In the note under the table change the word 'From' to 'Adapted from' to show that you have changed the original (even in a small way). Using the example above, if we had changed something in the table, we would change the note to:

 

For books:

Note. Adapted from Title of Book (p. xx), by A. A. Author and B. B. Author, Year, Place of Publication: Publisher. Copyright Year by Copyright Holder Name.

For ebooks:

Note. Adapted from Title of Book (edition, p. xx), by A. A. Author and B. B. Author, Year (http://doi.org/DOI or http://URL). Copyright Year by Copyright Holder Name.

 

For chapters from edited books (print):

Note. Adapted from "Title of Chapter," by A. A. Author and B. B. Author, in C. C. Editor and D. D. Editor (Eds.), Title of Book (edition, p. xx),  Year, Place of Publication: Publisher. Copyright Year by Copyright Holder Name.

For chapters from edited books (electronic):

Note. Adapted from "Title of Chapter," by A. A. Author and B. B. Author, in C. C. Editor and D. D. Editor (Eds.), Title of Book (edition, p. xx), Year (http://doi.org/DOI or http://URL). Copyright Year by Copyright Holder Name.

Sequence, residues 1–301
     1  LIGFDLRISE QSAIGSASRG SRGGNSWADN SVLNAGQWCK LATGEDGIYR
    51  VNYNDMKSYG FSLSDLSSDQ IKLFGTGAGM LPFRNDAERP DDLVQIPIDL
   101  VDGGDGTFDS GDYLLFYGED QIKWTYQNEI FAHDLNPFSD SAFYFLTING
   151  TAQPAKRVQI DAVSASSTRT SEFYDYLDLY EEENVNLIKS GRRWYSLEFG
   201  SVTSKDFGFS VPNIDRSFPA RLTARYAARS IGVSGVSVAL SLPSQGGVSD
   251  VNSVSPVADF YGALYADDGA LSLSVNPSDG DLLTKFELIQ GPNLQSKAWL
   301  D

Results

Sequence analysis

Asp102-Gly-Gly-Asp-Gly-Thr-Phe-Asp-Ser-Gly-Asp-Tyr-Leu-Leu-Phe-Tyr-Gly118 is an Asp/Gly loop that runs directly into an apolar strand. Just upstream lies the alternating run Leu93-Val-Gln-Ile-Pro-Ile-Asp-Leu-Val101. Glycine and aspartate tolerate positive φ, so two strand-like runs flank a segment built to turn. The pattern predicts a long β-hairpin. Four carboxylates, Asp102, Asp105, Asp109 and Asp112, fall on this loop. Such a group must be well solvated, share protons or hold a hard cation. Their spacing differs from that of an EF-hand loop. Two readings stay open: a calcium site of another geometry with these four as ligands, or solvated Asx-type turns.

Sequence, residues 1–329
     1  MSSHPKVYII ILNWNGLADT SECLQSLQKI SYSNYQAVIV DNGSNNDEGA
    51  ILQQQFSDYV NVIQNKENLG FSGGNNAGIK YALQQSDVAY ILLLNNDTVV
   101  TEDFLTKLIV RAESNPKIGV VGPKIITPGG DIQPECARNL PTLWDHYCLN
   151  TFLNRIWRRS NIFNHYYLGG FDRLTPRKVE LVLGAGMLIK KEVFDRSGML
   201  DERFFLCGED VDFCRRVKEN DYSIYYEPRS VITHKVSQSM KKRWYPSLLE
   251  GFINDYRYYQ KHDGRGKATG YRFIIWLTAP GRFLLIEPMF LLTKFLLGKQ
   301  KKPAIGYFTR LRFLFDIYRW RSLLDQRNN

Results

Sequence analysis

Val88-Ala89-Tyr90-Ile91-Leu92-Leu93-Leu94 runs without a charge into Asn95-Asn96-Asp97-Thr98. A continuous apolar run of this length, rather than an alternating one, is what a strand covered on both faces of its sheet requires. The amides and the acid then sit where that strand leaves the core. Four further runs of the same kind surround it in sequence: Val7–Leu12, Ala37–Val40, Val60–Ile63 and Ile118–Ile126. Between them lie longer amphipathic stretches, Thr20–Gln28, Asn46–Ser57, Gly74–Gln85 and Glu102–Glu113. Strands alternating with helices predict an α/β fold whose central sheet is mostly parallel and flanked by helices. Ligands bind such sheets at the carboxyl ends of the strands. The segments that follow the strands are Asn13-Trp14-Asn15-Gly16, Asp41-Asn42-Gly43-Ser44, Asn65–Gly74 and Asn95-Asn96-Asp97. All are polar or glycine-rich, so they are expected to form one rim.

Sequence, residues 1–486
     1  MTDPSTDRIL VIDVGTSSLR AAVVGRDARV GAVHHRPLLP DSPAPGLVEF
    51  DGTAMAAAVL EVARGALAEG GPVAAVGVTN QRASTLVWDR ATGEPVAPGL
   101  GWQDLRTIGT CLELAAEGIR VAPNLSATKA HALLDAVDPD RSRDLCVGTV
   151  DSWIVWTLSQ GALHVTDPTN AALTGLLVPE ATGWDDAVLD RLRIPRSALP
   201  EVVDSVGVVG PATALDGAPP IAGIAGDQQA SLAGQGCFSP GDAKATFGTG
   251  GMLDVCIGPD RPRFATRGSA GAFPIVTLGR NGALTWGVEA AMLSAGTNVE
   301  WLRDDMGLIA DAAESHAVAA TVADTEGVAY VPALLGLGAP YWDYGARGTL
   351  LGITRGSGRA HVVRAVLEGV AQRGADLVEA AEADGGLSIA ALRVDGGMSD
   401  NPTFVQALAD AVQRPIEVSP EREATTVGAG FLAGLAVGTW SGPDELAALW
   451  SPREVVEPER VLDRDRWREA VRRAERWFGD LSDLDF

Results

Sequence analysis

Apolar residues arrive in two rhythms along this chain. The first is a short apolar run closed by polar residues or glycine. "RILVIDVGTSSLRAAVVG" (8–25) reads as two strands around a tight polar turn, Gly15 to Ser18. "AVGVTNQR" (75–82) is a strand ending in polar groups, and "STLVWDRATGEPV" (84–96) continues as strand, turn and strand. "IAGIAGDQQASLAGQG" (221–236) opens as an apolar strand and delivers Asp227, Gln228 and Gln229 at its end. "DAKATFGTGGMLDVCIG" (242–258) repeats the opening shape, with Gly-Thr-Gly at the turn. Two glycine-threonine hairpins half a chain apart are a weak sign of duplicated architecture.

The in-text citations and reference list entries would stay the same for all of the above.

 


 

Not reproducing the table?

Follow the standard in-text citation and reference list entry to reference the book or book chapter as appropriate.

 


 

Reproduction note: 

The tables above, reprinted from Nursing Care at the End of Life and Bedside Critical Care Guidehave been reproduced under their respective Creative Commons Licenses. This notice is separate from the tables so as not to confuse the referencing in the table notes.